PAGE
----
[Editors note: The New York Times weighed in with “When the Web’s Chaos Takes an Ugly Turn“, which includes several quotes from Tufekci.]
Reddit may be the most important Internet forum that you have never heard of. It has more than a billion page-views a month, originates many Internet memes, brilliantly exposes hoaxes, hosts commentary on everything ranging from the trivial to the most serious–and it is the forum that President Barack Obama chose for his “ask me anything” session. Part of Reddit’s success has been due to it’s “live and let live” ethos in sub-forums, called “subreddits.” These sub-forums are created and moderated by volunteers with little or no interference from Reddit, whose parent company is the publishing conglomerate Condé Nast. This delegation approach facilitates Reddit’s business model, allowing it to operate with a comparatively small paid staff. However, the sub-forums that have flourished under this model are at times predatory and disturbing. For instance, “jailbait” was dedicated to sexually suggestive pictures of minors, and “creepshots” specialized in nonconsensual revealing photos of of women in public places–including infamous “upskirt” photos.
The brewing controversy came to a turning point last week after the infamous moderator of sub-forums “jailbait”, “creepshots”, “rape”, “incest”, and “PicsOfDeadKids” was outed by Gawker. The moderator, “Violentacrez”, was revealed to be 49-year-old computer programmer Michael Brutsch. Outing a person’s name, or “doxxing”, is one of the few things that Reddit bans outright. Thus, Reddit chose to ban all links to Gawker from the site, but later rescinded the decision. The issue has been taken up in high-profile Reddit forums like “politics” an “TIL” (“Today I Learned”). Michael Brutsch, meanwhile, lost his job.
Tonight, CNN hosted an interview with Brutsch, in which talks about how he may be sorry (although it really sounds more like he is sorry he is caught) but also claims to be a fall guy. He proudly displays the trophy given to him by Reddit in the interview. After all, “jailbait” was once voted the top subreddit, and “jailbait” was among the highest search terms associated with Reddit on Google. By many accounts, it provided a great deal of traffic to the site. Brutsch himself was at one point was been moderating more than 600 subreddits including many popular and mainstream ones like “WTF” and “funny“.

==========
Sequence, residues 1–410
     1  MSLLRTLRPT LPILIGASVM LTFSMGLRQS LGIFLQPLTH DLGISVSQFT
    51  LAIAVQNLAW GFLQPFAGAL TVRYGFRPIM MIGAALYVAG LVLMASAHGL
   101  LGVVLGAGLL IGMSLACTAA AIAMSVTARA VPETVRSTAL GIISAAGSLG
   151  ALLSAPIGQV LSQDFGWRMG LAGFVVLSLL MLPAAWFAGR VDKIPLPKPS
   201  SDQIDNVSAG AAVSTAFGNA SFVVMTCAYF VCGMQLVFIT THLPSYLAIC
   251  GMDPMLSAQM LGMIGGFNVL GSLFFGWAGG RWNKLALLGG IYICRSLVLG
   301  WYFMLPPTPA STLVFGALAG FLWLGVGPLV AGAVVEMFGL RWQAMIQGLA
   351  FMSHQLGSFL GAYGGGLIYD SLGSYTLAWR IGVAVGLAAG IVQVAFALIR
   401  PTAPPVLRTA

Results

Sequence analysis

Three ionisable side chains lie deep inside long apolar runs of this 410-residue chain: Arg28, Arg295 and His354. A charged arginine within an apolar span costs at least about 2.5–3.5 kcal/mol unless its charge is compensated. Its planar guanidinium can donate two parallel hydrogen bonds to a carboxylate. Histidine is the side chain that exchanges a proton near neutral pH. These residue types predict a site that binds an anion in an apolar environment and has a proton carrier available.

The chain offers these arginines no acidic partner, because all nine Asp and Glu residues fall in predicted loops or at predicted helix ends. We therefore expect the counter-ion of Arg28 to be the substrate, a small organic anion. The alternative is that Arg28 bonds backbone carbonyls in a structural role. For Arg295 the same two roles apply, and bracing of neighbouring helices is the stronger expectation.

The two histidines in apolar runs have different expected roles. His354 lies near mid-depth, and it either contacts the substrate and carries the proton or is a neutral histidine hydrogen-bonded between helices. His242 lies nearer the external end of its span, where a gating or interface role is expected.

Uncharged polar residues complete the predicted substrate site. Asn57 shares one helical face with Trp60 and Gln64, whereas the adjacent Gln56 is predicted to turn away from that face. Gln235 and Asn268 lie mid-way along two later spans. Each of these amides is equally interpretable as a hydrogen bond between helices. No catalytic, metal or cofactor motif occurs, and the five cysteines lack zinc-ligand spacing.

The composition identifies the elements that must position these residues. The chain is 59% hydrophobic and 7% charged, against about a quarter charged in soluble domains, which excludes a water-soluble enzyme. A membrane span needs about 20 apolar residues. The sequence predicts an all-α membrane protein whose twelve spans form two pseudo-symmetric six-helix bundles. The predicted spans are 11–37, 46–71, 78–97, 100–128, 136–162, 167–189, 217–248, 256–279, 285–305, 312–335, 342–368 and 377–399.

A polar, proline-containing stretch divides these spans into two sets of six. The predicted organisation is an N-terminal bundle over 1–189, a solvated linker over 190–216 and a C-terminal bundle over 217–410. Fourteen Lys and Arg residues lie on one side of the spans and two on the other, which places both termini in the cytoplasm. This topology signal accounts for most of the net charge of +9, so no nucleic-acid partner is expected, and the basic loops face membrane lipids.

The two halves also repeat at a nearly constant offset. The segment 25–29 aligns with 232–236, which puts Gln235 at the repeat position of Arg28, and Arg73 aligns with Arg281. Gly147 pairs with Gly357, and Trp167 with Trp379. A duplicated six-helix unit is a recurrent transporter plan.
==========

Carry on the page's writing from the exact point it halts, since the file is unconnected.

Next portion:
In the interview, Brutsch says that Reddit encouraged and enabled this behavior and that he shouldn’t have been a part of it. He seems to have a point. According to CNN, Reddit’s response was that Reddit now “regrets having sent the trophy.” Reddit also said it banned Brutsch’s “Violentacrez” account several times since last year, adding that Reddit “regret(s) not taking stronger action sooner.” (Michael Brutsch immediately went online on Reddit under his real name and denied parts of Reddit’s assertions, such as that he had been banned).
The real question is this: “What should Internet platforms do when confronted with speech that crosses over from being merely offensive to being predatory?” If Reddit is indeed regretting “not taking stronger action sooner,” its leadership must choose a decisively different path in the future–Michael Brutsch is not the only person in the world with interest in spreading such content. Will Reddit continue to host forums dedicated to material that feature gross invasions of privacy of women going about their business in public? Will Reddit tolerate sexualizing of minors–even though its rules purport to ban it? It is clear that mere “bans” have been ineffective because Reddit relies on volunteer moderators whose interest may diverge from the intent of the ban. As Whitney Phillips observes:
“By examining not just what [Violentacrez] did, but what others allowed and in many cases encouraged him to do, it is therefore possible to see into the heart of Reddit’s administrative workings, whatever objections to the contrary its co-founders might present.”
During the “jailbait” scandal that preceded this latest wave, Reddit administrators shut the forum down. However, similar content popped up elsewhere on Reddit and it degenerated into a “don’t ask, don’t tell” policy in for moderators who were interested more in continuing their predatory behavior than protecting children. Other Reddit contributors exposed that photos of obvious minors (young girls wearing “class of 2016” high school jackets) were being posted with misleading titles designed to get around the ban (eg: “ah, look, 18+ hottie”).
We have ample examples of deeply problematic practices when Reddit takes a stance in which they essentially say, “we will let volunteers moderate their forums and not do anything unless the police knock on the door.” And as I’ve written elsewhere, starting and ending one’s analysis with “it’s just free speech,” and not analyzing harms is an abdication of responsibility. Indeed Reddit is not an absolute “free speech” environment, as noted in this insightful post by Chris Conley of the Northern California ACLU. Reddit has strong rules against outing people (and, nominally, against sexualizing minors).
What will Reddit do in practice to enforce existing rules about sexualizing of minors? How it will behave towards other predatory behavior like in the sub-forum “creepshots”? Reddit is not the only place on the Internet that one can find such forums, but Reddit should not allow and encourage such forums. Such a stance still allows a very, very broad interpretation of free speech.